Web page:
Is vegan food or clothing that was produced with human slave labor "cruelty-free"?
A person wrote this: "No.
Though, I do buy second-hand vegan clothing that might have been made
with slave labor. It's an ethical struggle I've been fighting in my
mind. I won't buy from clothing companies that use slave labor or
sweat-shops or child labor (and if I don't know, I assume they do), but a
friend pointed out that I might not be acting logically consistently,
because I won't buy non-vegan clothes second hand.
logic is that I am not supporting the sweat shops and am indeed
supporting a local business that thrives on recycling old clothes that
would have otherwise been thrown away. And by buying second-hand, I
reduce the need for new garments to be created and more resources used. I
don't buy non-vegan things second hand, because I think it's inherently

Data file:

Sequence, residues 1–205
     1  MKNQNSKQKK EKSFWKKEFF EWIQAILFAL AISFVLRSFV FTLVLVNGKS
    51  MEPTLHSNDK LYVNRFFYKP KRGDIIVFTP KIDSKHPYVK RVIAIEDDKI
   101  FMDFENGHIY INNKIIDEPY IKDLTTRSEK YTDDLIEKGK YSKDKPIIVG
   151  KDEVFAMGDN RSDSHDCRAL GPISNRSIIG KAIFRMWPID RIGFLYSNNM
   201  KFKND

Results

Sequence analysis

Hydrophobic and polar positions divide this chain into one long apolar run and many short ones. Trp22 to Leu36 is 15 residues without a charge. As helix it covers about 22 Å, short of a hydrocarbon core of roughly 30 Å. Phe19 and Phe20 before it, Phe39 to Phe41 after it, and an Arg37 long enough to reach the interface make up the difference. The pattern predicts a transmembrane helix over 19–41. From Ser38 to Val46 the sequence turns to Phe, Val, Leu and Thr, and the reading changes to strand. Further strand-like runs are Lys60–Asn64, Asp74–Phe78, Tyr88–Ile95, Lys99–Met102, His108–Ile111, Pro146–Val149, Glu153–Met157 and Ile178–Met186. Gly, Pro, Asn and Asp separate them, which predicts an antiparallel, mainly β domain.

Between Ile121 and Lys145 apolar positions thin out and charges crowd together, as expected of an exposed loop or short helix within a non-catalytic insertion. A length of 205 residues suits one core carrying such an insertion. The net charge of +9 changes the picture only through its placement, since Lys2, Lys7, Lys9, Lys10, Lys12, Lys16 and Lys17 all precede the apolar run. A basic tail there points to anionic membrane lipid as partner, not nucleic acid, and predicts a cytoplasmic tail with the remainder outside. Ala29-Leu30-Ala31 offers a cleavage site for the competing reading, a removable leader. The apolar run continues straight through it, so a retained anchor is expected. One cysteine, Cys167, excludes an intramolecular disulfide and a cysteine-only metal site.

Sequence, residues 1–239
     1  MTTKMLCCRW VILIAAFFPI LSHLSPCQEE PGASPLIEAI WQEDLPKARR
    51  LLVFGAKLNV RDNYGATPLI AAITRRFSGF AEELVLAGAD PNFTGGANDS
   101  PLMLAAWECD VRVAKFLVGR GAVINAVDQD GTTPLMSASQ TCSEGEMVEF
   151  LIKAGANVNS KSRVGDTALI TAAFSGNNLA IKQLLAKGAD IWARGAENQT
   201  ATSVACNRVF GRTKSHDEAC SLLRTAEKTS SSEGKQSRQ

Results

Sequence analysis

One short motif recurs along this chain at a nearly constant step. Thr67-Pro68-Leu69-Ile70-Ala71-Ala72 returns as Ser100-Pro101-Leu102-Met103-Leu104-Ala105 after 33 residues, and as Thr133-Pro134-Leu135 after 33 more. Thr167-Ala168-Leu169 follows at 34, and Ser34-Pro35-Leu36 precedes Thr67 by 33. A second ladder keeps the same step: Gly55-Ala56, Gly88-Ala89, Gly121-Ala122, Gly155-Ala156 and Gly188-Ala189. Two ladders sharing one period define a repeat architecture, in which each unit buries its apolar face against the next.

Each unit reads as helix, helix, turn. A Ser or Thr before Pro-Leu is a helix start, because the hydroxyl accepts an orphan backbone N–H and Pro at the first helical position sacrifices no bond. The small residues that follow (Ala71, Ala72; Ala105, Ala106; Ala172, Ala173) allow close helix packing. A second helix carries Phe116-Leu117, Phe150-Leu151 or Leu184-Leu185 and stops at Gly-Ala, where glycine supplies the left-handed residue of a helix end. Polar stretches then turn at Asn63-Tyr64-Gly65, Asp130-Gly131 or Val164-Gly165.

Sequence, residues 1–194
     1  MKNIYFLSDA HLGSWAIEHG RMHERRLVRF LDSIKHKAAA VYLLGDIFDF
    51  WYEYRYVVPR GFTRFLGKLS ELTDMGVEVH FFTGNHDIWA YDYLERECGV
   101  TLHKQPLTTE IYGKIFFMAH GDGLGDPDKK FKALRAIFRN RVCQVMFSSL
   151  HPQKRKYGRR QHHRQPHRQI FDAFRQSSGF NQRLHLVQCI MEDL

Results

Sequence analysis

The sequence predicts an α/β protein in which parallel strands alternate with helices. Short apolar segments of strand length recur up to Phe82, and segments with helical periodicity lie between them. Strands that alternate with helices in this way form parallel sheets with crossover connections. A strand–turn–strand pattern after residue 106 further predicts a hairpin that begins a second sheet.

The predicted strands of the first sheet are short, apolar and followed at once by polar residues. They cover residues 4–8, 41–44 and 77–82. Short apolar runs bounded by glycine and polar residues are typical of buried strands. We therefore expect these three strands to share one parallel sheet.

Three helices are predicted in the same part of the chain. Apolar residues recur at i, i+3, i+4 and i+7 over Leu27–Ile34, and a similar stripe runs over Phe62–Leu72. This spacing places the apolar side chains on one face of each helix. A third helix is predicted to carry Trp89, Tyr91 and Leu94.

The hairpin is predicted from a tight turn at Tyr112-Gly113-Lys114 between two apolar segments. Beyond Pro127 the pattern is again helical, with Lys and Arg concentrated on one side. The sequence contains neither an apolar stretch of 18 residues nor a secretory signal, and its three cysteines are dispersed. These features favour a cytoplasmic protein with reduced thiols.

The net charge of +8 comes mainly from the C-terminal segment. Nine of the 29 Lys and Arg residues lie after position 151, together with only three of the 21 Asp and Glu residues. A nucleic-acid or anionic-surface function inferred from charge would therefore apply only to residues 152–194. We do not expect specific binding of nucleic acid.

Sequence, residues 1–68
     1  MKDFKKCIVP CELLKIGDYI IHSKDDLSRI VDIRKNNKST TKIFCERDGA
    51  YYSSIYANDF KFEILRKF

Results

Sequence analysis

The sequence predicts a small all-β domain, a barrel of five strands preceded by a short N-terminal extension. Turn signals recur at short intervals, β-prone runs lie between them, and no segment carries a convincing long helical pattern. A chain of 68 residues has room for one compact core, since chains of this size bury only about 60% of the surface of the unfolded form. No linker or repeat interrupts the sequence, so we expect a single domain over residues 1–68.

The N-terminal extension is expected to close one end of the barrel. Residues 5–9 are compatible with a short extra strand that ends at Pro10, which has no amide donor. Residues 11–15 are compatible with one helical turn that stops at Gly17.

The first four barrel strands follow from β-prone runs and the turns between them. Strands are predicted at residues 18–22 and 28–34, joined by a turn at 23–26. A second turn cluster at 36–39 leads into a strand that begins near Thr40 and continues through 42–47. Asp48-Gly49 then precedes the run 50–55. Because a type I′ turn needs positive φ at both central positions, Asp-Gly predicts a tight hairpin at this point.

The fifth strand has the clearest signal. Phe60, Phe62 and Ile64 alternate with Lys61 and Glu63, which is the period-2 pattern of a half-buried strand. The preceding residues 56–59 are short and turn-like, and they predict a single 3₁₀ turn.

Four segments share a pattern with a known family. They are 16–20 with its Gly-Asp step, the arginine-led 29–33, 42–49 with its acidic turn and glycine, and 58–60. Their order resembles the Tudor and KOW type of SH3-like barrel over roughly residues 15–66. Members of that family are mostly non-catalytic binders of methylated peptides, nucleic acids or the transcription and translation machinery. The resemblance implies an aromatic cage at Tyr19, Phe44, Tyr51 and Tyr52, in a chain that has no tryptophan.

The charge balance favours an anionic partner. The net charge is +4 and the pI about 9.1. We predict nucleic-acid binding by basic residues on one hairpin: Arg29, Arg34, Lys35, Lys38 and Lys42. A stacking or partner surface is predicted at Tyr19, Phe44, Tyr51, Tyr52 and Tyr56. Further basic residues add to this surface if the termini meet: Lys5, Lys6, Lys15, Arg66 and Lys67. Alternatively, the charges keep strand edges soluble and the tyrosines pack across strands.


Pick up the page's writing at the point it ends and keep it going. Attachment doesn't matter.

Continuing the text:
wrong to use any animal products because it's advocating, through my
clothing choices, that it's morally okay to use animals at all--- the
existence of the garment is contrary to my beliefs, however a cotton
t-shirt itself is not inherently wrong, only the means of how it was
created. So I think it's wrong to support those companies directly, but
second-hand, I think it's helping eliminate the need for
child/slave/sweatshop labor and thus helping to alleviate the problem. I
try to buy fair-trade items too.
However, I'm still not sure I'm being logically consistent here. It's been something I've been thinking about for a long time.
But to answer your question, of of course sweatshops and slavery are never cruelty-free!"